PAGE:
Alastair Cook: The AutobiographyMartin Chandler |
Author: Cook, Alastair
Publisher: Michael Joseph
Rating: 3.5 stars
I always liked Alastair Cook, and not just because he was England captain. He was one of those rare cricketers who gave the impression of combining a friendly, affable and modest approach with, when the time came for playing cricket being, if not exactly ‘as hard as nails’ then certainly distinctly flinty.
That much conceded I still didn’t like Cook quite enough to want to actually read his autobiography when that appeared in 2019. This was a case of the other side of the friendly, affable and modest coin, as I didn’t expect it to be particularly interesting, most of its contents having been well covered in the press and on social media at the time it was released.
The clincher was the photograph on the cover of the book, which I found off-putting and was clearly designed to assist with the publisher’s expectation that the book would do something that cricket books rarely do, which is shift lots of copies. I decided to give Cook’s book a miss.
In the two years since he retired Cook has, unlike some (in fact possibly all) 21st century former England captains, gone up in my estimation. I thought his punditry on the Indian series just gone to be worth listening to, but above all what has impressed me is that he has carried on playing for Essex. So I thought the least I can do is go out and buy his book.
There is a little more to this of course, that being that the bibliophile in me was roused when I learnt recently that whilst there is no limited edition of the book as such, there is a slightly different version that carries Cook’s signature, and it was one of those that I saw and snapped up. Initially therefore it was the pleasure of ownership that prompted the purchase, rather than any real desire to read the book.
So when Alastair Cook: The Autobiography arrived I hadn’t actually intended to do anything other than slot it onto the shelf next to another book I’ve yet to read, Cook’s first autobiography, published back in 2008 a mere two years into his Test career. That one was entirely appropriately entitled Starting Out: My Story So Far – he wasn’t even 24 at the time!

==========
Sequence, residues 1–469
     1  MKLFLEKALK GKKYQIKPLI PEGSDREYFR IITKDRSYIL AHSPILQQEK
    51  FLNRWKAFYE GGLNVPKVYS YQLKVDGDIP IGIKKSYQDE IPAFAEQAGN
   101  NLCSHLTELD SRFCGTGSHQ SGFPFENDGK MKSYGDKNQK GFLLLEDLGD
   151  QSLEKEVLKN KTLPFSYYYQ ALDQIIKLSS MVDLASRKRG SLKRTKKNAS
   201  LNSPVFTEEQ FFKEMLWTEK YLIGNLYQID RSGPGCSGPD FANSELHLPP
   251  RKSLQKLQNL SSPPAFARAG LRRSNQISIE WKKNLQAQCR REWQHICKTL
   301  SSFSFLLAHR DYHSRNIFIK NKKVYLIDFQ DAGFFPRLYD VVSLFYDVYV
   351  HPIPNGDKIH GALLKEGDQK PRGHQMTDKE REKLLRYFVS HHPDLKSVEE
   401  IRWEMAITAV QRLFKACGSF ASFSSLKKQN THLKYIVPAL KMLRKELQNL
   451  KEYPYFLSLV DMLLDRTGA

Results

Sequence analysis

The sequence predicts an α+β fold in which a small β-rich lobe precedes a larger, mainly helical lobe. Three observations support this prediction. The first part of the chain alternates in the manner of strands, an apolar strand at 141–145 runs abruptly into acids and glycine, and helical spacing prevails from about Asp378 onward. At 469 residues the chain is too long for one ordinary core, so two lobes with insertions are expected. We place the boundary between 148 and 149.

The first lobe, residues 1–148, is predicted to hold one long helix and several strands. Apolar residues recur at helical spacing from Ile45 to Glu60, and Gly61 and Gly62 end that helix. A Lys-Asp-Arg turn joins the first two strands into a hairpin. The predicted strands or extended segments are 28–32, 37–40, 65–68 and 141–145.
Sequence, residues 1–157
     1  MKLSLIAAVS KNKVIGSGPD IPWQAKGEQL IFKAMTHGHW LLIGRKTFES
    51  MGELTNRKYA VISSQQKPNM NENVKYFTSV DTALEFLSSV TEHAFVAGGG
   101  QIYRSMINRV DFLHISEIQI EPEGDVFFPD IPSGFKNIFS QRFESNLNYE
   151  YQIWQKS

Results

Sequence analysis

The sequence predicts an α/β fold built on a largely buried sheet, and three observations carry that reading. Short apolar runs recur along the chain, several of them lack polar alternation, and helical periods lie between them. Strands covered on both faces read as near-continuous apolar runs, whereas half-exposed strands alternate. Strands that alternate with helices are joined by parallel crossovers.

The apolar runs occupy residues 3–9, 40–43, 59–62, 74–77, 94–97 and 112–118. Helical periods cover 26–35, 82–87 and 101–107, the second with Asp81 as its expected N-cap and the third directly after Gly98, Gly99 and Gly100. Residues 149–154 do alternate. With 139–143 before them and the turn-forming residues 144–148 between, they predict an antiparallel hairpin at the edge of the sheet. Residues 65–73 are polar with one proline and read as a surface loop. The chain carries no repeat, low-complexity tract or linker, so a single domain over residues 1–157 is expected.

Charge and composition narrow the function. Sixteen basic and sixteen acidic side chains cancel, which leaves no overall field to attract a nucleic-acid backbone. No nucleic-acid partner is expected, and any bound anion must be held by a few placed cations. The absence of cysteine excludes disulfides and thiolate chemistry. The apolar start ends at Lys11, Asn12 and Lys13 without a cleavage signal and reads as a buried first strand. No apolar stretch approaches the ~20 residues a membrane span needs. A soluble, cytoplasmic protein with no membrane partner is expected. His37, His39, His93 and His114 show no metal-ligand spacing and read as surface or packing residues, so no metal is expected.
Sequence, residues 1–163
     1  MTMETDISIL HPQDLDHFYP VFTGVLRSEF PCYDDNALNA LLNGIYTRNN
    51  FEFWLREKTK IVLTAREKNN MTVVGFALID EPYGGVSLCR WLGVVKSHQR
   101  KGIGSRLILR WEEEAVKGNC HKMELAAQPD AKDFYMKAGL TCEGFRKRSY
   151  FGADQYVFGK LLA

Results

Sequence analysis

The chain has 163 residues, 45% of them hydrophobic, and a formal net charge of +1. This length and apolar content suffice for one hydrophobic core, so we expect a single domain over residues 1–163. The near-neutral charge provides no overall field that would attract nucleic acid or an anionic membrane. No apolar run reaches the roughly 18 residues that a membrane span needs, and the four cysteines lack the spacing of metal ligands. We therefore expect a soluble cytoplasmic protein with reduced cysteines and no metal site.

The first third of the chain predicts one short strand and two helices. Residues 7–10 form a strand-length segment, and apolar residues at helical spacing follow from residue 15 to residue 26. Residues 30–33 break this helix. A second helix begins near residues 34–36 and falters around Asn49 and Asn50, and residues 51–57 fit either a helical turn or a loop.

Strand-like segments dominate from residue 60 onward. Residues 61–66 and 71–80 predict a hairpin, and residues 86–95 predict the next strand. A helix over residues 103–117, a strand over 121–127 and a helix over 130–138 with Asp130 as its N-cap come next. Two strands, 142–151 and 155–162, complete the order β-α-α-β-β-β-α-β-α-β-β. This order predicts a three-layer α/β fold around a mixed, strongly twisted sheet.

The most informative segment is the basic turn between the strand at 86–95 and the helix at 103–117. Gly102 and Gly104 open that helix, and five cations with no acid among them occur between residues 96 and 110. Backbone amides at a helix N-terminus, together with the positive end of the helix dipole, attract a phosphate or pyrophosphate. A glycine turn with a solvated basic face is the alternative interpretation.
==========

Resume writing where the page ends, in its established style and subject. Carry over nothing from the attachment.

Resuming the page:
But then having bought a book you have to at least have a quick look, if only to check that you have indeed been sent the more exclusive signed edition, which I had. I also, sad man that I am, checked out the photographs before, through force of habit, going straight to the end of the book to check out the stats and the index. The stats alone run to almost fifty pages, which at first blush seems excessive, but as I started to read the book I realised wasn’t, because the narrative is anything but a match by match account, and the only way to follow Cook’s career is via Max Wadsworth’s numerical labours.
Some cricket books don’t have indexes, which I always think is a dreadful omission, the result being that you end up appreciating the rudimentary efforts that generally appear. That is something that is brought sharply into focus on those rare occasions, like this, when you get what I can only describe as a ‘proper’ index. And it was as a result of that that I started to actually read the book.
So where did I start? As a good Lancastrian I started with Anderson, James, before moving on to the sad case of Kerrigan, Simon. The names kept jumping out at me, Broad, Hussain, Panesar and Trott being some of the early ones, so much so that after twenty minutes or so I decided that it might be wise to start reading the book from the beginning rather than jumping around.
In the way of modern autobiographies the opening chapter singles out a particular incident from the author’s career. In Cook’s case it was that final match against India in 2018 and an apology for getting out on 147. But the main point of the opening chapter is to examine Cook’s reasons for leaving the Test arena when he did. Unlike a number of the better recent cricketing autobiographies there are no mental health issues as such for Cook to explain, but he was only 33 so, as he has demonstrated by remaining a county player, far too early to retire from the game. At the same time it is clear that he was very tired, and had had enough of Test cricket.
Where Cook’s book succeeds is his ability, or perhaps that is better attributed to his collaborator Michael Calvin, to explain how the biggest job in English cricket, combined with opening the batting, grinds a man down. Those of us whose playing careers were carried out wholly within the recreational sector can easily overlook those pressures, and whilst I like to think that I have picked up plenty of insights from the books of others none have made me think as hard as Cook’s about the sort of problems that he faced.
In fact there is only one aspect of Alastair Cook: The Autobiography that is not wholly convincing and that, perhaps inevitably, concerns the single biggest management problem that England had to deal with during his time as captain, Kevin Pietersen. That Pietersen was a thorn in Cook’s side I have no doubt, and he probably deserved to be sacked when he was, but could he not simply have been dropped, and the final ‘unpleasantness’ avoided?
There are a few cricket lovers around who take no great interest in the 21st century game, and nothing I say will cause Alastair Cook: The Autobiography to appeal to them. Those who are fans of Cook, and/or feel any degree of passion for the modern game, will already have read the book, so I am telling them nothing they do not already know. But I do know that I am far from the only cricket lover around who follows the game with great interest whilst at the same time generally preferring to read about its past. Somy revelation that Alistair Cook’s autobiography is well worth reading is aimed at them.